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Local Tenants Union Pushes for “Just Cause” Eviction Legislation

Barry Thompson knows firsthand the stress of going through an eviction and the fruitless legal battle following it with a former landlord in court.

His troubles began in 2015, when he lived at 2225 N. Bouvier St. near Temple University. According to Thompson, his landlord, Mike Davis, would not respond to his complaints about bed-bug and rodent infestations or requests for repairs. After months of inaction from Davis, Thompson decided to withhold rent due to uninhabitable conditions and he joined the Philadelphia Tenants Union (PTU), of which he is now the president.

Davis succeeded in evicting Thompson after a battle in landlord-tenant court and so Thompson is currently seeking stable housing.

Thompson’s story is just one example out of thousands of cases of Philadelphia tenants who have been evicted. As the president of the PTU, he and other union organizers are advocating for “Just Cause” eviction legislation in Philadelphia.

Just Cause eviction means that a landlord has to provide a reason for evicting a tenant. Valid reasons may include may include violation of the lease, constant disorderliness or habitual failure to pay rent.

On April 5th, PTU organizers accompanied Thompson to Councilwoman Helen Gym’s eviction crisis discussion in Germantown. During Gym’s town hall, Thompson addressed the panel of housing, legal and public health experts on why Just Cause eviction legislation is important.

He said women with children are at a higher risk of being evicted, and Philadelphia is heavily lacking in pro-bono legal assistance to represent at-risk tenants. Last year, 24,000 Philadelphians were evicted, while only seven pro-bono lawyers exist in the city to represent tenants.

However, landlords all over Philadelphia have the ability to evict tenants with no cause. According to Brandon Slattery with the PTU, landlords can use various tools to evict tenants without just cause.

Slattery said the tenants union has heard stories from mothers who reported that their landlords shut off utilities and then called child services on them for living without an important utility. Once child services visited the mothers, the landlord evicted them. Situations like this are what created organizations like the PTU.

In February 2016, Thompson participated in a tenants union action outside the North Philadelphia Seventh-Day Adventist Church which Davis attends. He, along with other PTU members, distributed flyers featuring the landlord’s face and a summary of grievances.

Shortly before Thompson moved into the house, he said Davis suddenly evicted a previous tenant, so Thompson could move in. Davis later evicted Thompson and other tenants living in the same house by closing the property. According to Thompson, he wanted to rent it out for a higher price.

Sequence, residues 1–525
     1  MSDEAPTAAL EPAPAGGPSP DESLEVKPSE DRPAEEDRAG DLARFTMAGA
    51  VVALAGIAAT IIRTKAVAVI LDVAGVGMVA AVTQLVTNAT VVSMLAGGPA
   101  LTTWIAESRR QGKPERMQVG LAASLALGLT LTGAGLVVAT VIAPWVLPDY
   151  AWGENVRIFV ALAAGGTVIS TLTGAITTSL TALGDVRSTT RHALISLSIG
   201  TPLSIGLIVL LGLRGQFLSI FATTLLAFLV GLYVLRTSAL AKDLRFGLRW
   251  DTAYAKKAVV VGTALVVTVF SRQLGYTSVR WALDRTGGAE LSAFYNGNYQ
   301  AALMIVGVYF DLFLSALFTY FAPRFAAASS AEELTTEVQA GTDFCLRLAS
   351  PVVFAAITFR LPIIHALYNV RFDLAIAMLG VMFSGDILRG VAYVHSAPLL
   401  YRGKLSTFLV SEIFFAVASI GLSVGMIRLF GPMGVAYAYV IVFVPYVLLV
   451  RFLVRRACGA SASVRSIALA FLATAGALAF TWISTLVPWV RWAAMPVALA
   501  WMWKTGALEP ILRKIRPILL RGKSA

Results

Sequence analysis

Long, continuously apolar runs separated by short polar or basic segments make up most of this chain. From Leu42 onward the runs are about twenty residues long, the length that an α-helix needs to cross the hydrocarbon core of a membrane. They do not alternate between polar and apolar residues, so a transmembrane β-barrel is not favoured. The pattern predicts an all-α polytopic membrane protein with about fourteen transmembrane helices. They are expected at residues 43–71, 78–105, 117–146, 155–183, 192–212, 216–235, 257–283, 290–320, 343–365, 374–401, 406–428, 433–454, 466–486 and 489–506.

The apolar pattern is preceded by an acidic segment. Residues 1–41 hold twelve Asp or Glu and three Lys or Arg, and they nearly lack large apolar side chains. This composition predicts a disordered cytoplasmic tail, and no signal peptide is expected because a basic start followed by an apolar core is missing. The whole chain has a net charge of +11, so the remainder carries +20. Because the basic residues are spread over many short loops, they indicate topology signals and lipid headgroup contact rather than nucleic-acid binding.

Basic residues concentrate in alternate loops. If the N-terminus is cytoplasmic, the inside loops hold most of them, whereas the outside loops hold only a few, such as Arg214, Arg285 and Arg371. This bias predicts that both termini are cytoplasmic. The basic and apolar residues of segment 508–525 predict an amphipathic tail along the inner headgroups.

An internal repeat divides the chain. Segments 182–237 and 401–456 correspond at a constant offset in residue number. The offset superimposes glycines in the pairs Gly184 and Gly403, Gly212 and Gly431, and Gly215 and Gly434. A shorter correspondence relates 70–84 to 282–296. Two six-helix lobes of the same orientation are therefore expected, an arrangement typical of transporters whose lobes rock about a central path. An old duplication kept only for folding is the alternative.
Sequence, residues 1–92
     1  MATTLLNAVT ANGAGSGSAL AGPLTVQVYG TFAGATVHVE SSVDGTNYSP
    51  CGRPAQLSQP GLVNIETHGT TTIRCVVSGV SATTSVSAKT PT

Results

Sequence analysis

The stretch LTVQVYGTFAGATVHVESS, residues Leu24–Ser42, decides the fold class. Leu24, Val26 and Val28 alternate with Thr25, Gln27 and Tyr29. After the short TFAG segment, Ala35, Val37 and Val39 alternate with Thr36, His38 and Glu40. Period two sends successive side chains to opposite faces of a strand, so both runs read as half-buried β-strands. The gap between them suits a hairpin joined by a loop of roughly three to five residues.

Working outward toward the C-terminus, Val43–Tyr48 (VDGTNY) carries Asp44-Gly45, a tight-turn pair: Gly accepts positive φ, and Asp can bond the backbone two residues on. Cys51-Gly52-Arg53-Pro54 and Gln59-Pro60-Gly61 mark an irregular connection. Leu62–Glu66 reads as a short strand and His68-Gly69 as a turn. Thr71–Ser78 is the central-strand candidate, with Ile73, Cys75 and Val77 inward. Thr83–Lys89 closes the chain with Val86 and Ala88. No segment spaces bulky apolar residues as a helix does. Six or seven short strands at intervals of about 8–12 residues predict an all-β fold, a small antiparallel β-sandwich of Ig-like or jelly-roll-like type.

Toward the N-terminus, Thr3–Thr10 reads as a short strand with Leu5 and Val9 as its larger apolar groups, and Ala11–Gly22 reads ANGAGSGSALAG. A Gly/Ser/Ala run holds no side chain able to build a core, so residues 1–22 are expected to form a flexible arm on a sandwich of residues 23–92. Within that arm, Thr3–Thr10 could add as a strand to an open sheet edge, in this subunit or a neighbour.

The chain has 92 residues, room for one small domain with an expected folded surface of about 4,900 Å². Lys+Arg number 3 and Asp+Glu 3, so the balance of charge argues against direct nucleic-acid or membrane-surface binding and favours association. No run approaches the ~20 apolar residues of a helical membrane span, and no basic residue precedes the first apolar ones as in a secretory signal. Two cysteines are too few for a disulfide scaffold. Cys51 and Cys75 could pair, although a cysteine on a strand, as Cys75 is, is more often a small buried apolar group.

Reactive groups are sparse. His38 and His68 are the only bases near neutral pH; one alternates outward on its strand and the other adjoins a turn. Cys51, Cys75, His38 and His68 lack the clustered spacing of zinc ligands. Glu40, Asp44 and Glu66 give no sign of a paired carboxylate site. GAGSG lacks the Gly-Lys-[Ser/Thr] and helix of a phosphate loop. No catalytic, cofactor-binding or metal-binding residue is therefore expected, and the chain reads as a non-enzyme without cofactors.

After a struggle in landlord-tenant court, Thompson gained an extension on the amount of time he had to vacate the property. “From going to court, I was given 90 days to vacate with no judgment because Davis tried to claim non-payment of rent,” Thompson said. “He never gave me rental suitability.”

Thompson said that landlord-tenant court is stacked in favor of landlords, and tenants rarely win anything more than what he did.

The PTU’s agitation at Gym’s town hall did not go ignored by the councilwoman’s staff. The tenants’ union reported that they received notice from Gym expressing interest in discussing strategies for gaining more support for Just Cause legislation.

The following Friday, April 13th,  Gym’s Director of Policy and Legislation, Shanee Garner, and Director of Constituent Services, Charlene Samuels,  met with Thompson and other PTU organizers at City Hall.

“I think we ended on common ground,” Garner said. “The Tenants Union is very passionate.”

Executive Director of the Tenants Union Representative Network (TURN), Phil Lord, said the next step after the town hall would be for City Council to take action. If City Council would commit to investing in more pro-bono legal assistance to represent low-income tenants, the illegal evictions would be addressed, Lord said.

He added other states and cities, such as New York City, are investing in better legal representation for tenants. “City Council needs to make sure people are represented, even if the city doesn’t have the money now,” Lord said.

Lord explained that organizations like TURN help tenants when their landlords are using “self-help” methods, such as changing locks or turning off utilities. He said when people call TURN with this emergency, TURN involves the police to get the tenants back into their units.

However, not many people know about TURN or other resources that could prevent their evictions. According to Lord, not many people know they need legal assistance in landlord-tenant court. “It’s a campaign, and we need to build awareness,” Lord said. “People were not aware of the eviction crisis before the town hall.”

“People don’t know they can’t be evicted for no reason,” he said. “People don’t realize how easy Just Cause protection is to get. City Council can just make it a requirement.”

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